The San Juan Mountains of southwestern Colorado are part of an extensive Tertiary volcanic field consisting of a thick sequence of lavas, breccias, and ash-flow tuffs. These Tertiary volcanics are underlain by Precambrian, Paleozoic, and Mesozoic rocks which have been exposed in some areas as a result of uplift and erosion. The rugged Needle Mountains are a good example of these older, exhumed wedges of basement rock.
The great piles of Tertiary volcanics that blanket most of the San Juan massif are the product of three episodes or "pulses" of volcanism. The first pulse occurred 35 to 40 million years ago and produced vast quantities of andesitic lavas and breccias. The second pulse occurred 28 to 30 million years ago, but this time the chemistry of the volcanics was different. Now, for some 3 million years, immense outpourings of silica-rich rhyolitic ash-flow tuffs and lavas covered the land. Then, between 23 and 25 millions years ago, a new series of lavas began to appear. Basalts and high-silica alkali rhyolites were now the dominant rock type being extruded. This bimodal sequence of basalt and rhyolite was radically different from the previous lavas. Shortly thereafter, volcanic activity in the San Juans subsided.
The precipitous Needle Mountains, located north-northeast of Durango, consist of an uplifted block of ancient Precambrian igneous and metamorphic rocks exposed by a combination of uplift and deep erosion. This block of uplifted Precambrian crust consists of a belt of ancient metamorphic country rock intruded by a number of granitic plutons. The oldest intrusive rock in the Needle Mountains is the
1.78 billion year old Twilight Granite. Emplacement of the Twilight Granite was followed by a period of active tectonism in which a north-northeast trending foliation was imparted upon both the Twilight Granite and the metamorphic country rocks (which include Archean schists and gneisses and the Irving Greenstone). The 1.72 billion year old Tenmile and Bakers Bridge granites were emplaced shortly thereafter. Igneous activity was resumed some 360 million years later with the formation of a number of large granitic plutons. The Eolus Granite, a biotite- and hornblende-bearing monzogranite, was emplaced during this period of time. The West Needle Mountains are mostly composed of this granite.
Gold, silver, lead, zinc, and copper mineralization occurs in the San Juans in the form of veins and fracture fillings, replacement bodies, and pipe or "chimney" deposits. The majority of these ore deposits are associated with Tertiary volcanics, but a few of them are much older in origin. The small, gold-bearing veins in the Needle Mountains District are a case in point. These polymetallic ore deposits consist of gold and silver-bearing pyrite, sphalerite, chalcopyrite, galena, and tetrahedrite emplaced within faults and fractures in the ancient granites and metavolcanics.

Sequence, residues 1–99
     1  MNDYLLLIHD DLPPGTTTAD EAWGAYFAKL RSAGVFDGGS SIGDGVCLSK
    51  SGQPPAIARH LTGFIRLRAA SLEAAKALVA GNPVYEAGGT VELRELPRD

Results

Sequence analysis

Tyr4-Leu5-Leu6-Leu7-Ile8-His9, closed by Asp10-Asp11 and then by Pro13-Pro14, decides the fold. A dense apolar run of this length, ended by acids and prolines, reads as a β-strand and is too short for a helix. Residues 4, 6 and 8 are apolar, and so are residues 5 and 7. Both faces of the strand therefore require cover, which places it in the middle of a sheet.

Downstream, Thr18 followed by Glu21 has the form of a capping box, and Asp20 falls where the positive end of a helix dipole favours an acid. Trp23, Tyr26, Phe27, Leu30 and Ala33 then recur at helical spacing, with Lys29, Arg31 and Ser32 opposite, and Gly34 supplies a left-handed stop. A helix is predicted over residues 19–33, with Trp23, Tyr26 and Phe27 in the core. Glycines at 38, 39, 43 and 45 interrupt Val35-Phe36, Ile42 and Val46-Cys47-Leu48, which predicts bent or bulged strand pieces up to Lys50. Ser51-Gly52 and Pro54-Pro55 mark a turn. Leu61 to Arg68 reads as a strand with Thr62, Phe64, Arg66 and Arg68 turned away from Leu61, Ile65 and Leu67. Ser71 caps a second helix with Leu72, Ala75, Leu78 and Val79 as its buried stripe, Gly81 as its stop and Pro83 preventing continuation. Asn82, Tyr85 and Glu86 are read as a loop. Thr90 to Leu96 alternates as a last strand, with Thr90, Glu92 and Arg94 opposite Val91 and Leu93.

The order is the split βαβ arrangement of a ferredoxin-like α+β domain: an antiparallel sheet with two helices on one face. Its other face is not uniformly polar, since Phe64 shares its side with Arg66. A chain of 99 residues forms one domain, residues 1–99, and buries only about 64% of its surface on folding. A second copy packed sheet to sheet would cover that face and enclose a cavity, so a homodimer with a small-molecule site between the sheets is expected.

The rugged Needle Mountains of southwestern Colorado certainly have potential for future mineral strikes, but prospectors have their work cut out for them. The Needle Mountains are remote, heavily forested, and nearly trackless. In addition, the area appears to be only weakly mineralized. The mountains are home to only one small and relatively insignificant mining district. But on the other hand, the Needle Mountains District did produce thousands of ounces of gold for a short period during the late 1870's. And the rugged, heavily wooded terrain only enhances the possibility that hidden veins lie somewhere in the area.
A number of other factors suggests the presence of additional gold-bearing veins in the Needle Mountains. First of all, the Needle Mountains are virtually surrounded by rich mining districts. Beartown lies only 4 miles northeast of the Needle Mountains while the great Silverton District lies 8 miles straight north. The Rico District is located 15 miles west of the Needles while the La Plata District lies 20 miles to the southwest. Secondly, the Needle Mountains are home to at least two well-documented lost mines: Levi Carson's sylvanite vein and the Lost Estes Mine. Both are located in the West Needle Mountains, near Twilight Peak. Rich gold-bearing float in Twilight Creek seems to indicate the presence of a hidden vein somewhere in the area.
When American prospectors first penetrated the Needle Mountains, they discovered signs of ancient Spanish mining activity. The old Spanish prospect pits and mine shafts were a clear indication that the area was mineralized. The geology seems to bear this out. The presence of several Precambrian (Proterozoic) igneous intrusions emplaced within an older, metamorphic belt (which includes the Irving Greenstone) should excite any gold prospector. Greenstone belts in particular seem to have an affinity for gold. Virtually every Greenstone belt in the world has gold associated with it.
Gold occurs in many of the Proterozoic (1.7 billion years old) sulfide deposits of Colorado. Research has revealed the presence of similar gold and silver-bearing sulfide deposits in other Precambrian belts throughout the world. These deposits are especially abundant in regionally metamorphosed basement rock of Proterozoic age.
Prospectors may want to focus their search for the Lost Carson Mine along the rugged northern slopes of the West Needle Mountains. Most accounts of the story place the mine somewhere in this area. Prospectors may also want to look closely at any bands of iron-rich rock that they happen to find in the Irving Greenstone Formation. Gold is sometimes associated with the ironstones in these ancient rocks. A metal-detector would certainly be of use in locating any gold-bearing float hidden in the soil or leaf mold.